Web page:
Like most everyone else in the world right now, our team has been working remotely for the last several weeks. However, we’re fortunate that we already had methodologies and tools in use that made the transition less abrupt than others have experienced. Our team has always had the option to work remotely, and many of us do so one or two days a week. Since the Stay at Home order came down from Sacramento, we’ve been putting our remote tools to the test, and learning what does and doesn’t work.
We realize that working remotely during these times is not the same as it ever was — and that some days work is more about connecting with coworkers than being productive. So here are the tools that we use, not just to get work done, but also to play, and to help our team celebrate and commiserate the ups and downs until we can be together again in the same office.
Slack may be the de facto standard for teams that work in tech, but every company I’ve ever seen use it has configured the channels in a way that is unique to them alone. We’re no exception. Sure, we have the typical productivity channels you can use to get work done, but we also have the extracurricular channels reserved for sharing a good laugh or venting a frustration. It’s these latter channels that have seen the most activity recently and have helped us retain our sanity. If you are not using Slack in a silly way, now is the time to start. Seriously, create a channel for sharing pictures of your pets, or funny jokes, or anything that can considered a healthy distraction.
Why use words to share something that can be so eloquently expressed in a GIF? We’ve integrated Giphy with Slack and it has truly enriched our team’s internal communications. Something as simple as an animated thumbs-up in response to a developer’s question adds a fun personal touch as well as the approval she needs to continue coding. As for the aforementioned extracurricular Slack channels, they just wouldn’t be the same without Giphy, which seems to always have the perfect animation to match the current mood of the channel.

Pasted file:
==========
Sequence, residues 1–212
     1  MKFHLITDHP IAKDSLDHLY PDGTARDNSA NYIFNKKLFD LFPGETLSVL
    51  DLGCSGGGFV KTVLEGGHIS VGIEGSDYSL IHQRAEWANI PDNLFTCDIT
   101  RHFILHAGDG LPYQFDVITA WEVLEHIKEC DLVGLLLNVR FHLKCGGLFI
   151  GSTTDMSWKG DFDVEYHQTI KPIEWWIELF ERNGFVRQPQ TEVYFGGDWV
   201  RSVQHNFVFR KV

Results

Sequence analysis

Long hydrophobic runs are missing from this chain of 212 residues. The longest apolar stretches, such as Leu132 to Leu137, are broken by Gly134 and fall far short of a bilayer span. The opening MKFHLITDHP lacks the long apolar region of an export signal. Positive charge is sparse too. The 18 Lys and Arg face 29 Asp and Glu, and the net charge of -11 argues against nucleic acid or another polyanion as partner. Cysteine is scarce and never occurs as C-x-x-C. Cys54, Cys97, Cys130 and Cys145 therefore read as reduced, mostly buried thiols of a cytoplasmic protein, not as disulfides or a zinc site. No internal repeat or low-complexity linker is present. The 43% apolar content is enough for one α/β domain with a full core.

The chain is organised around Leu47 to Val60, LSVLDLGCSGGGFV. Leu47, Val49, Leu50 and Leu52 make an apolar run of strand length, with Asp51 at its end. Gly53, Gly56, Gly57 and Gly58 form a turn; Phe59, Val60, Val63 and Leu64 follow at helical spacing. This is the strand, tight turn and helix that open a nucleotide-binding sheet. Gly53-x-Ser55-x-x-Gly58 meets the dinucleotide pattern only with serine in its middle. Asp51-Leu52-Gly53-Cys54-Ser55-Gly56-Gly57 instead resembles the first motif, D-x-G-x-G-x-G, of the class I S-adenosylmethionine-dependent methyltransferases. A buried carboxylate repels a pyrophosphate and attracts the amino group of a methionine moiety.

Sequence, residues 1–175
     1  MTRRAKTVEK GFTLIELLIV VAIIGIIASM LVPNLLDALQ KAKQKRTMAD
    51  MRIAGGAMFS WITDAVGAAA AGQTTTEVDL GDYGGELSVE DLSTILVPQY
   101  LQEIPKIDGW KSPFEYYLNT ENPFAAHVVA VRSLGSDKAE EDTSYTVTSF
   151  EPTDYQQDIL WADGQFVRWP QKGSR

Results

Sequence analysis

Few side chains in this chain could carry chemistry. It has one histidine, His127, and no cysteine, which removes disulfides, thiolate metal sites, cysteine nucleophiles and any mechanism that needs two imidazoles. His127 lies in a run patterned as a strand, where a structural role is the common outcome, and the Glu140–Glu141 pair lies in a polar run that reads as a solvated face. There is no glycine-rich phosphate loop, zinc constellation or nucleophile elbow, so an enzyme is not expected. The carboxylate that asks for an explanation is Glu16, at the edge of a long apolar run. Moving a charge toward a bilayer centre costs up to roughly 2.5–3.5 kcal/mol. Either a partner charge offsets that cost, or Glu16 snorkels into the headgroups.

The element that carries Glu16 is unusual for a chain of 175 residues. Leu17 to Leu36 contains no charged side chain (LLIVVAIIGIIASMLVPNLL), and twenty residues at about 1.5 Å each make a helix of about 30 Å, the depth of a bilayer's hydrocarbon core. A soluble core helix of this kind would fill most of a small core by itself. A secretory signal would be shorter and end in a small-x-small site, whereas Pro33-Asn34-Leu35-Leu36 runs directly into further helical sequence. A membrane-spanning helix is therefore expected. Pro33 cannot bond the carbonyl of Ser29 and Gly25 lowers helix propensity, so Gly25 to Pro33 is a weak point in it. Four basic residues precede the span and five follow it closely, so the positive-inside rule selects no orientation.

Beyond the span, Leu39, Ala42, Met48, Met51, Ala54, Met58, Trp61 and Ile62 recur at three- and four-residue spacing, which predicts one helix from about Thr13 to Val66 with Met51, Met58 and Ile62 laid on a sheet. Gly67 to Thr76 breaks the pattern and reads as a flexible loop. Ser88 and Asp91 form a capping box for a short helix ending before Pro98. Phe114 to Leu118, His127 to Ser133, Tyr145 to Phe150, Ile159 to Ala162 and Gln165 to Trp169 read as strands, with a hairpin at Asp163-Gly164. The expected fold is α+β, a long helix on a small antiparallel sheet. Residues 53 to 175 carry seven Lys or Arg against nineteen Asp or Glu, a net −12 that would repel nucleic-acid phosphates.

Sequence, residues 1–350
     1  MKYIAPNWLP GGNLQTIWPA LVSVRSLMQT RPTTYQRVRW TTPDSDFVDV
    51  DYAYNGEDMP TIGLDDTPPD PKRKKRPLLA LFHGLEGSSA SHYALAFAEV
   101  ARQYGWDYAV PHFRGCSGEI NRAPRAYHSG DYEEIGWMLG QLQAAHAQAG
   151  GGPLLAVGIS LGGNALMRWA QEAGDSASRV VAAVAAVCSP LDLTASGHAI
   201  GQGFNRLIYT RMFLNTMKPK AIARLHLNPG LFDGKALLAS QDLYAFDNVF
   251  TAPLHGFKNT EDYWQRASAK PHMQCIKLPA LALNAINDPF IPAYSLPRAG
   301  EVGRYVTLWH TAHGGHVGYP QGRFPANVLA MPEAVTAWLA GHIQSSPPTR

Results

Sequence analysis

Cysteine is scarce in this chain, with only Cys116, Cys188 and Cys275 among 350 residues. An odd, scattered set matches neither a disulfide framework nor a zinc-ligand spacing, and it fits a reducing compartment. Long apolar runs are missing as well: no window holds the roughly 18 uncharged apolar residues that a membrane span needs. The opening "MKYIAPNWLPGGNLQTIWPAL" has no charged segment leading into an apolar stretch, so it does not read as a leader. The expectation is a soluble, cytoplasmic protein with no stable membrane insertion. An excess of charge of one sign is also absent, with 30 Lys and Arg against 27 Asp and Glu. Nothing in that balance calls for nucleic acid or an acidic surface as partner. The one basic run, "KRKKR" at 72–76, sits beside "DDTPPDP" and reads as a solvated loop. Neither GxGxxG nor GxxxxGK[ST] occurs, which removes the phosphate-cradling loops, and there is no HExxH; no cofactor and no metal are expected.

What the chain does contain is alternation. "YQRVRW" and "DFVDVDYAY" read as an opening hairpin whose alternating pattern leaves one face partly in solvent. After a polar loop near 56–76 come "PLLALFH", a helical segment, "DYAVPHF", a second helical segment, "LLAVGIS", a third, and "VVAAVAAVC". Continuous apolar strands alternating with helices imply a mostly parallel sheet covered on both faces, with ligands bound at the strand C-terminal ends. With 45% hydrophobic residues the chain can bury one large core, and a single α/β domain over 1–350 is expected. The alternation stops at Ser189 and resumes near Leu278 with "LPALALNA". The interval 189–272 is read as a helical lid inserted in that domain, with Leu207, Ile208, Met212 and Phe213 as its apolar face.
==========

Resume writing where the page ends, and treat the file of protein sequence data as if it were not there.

Ever since we founded Pelago twenty years ago, Nic Harcourt has been curating the eclectic, streaming playlists that serve as an aural backdrop in the office. When he transitioned from KCRW to KCSN, we discovered the free Internet radio web site TuneIn as a way to continue listening to his daily mixes. Even though our team is working remotely and apart from one another, we have the option to tune in to the same radio station. It’s a small act of solidarity, but for some it’s helped ease the transition to working remotely.
We’re longtime customers of GoToMeeting, partly because the parent company is headquartered in the same city as us, but mostly because it’s a great product. We use the video-conferencing and screen-sharing software for internal meetings and one-on-one customer support. Our usage has increased notably as our usual meetings have become virtual, but also because we’ve been helping more new customers transition to working remotely with our workflow management software, Intervals. Additionally, we’ve been using GoToMeeting for virtual get-togethers, a time where we can talk about anything but work.
Administering a phone system, even a VOIP one, is an exercise in pain and futility. We’ve had several different phone systems over the years and now that we use Grasshopper we’re relieved to have those days behind us. Using a SaaS product for our phone system means we have no hardware to install or wires to run. And because our phones travel with us, we’re completely untethered from the office. Using a service like Grasshopper is a no-brainer for teams who need a centralized phone system while working remotely.
Documents: Google Drive
Our team relies heavily on shared documentation, especially when we’re working remotely and consensus matters. Google Drive provides us with a platform where we can collaboratively create documents and edit them in real-time. Because, ideas are difficult to communicate in meetings unless you have a way to sketch them out or write them down. Once we’ve created the document — whether it’s a drawing, spreadsheet, doc, or slide — we link it to the relevant task in our workflow management software, Intervals, so it can be referenced quickly and easily when we do the work.
Collaboration and Workflow Management: Intervals
As much as we are allowing ourselves permission to put life first, we are still motivated to work. Our preferred platform for collaborating as a team and managing our work remotely is Intervals. Obviously, we’re biased because we built it and we offer it as a paid subscription service. But, like our customers, we also use Intervals in our day-to-day work. We use it to set weekly goals, review daily priorities, and plan our schedules. We also use Intervals to track our time, manage our tasks, and analyze our ongoing efforts using dashboards and reports. If your remote team needs a central location to track and manage their work, Intervals might be the right fit for you.
For Slack, Slacker is good times https://slacker.nathanhoad.net
For QA and working with remote teams Camtasia (https://www.techsmith.com/video-editor.html) has been invaluable for communicating bugs. When working asynchronously with a team it is really helpful to be able to record a quick video and talk through the bug instead of a bunch of screenshots and steps. There is a learning curve but they have tons of help docs to get you going.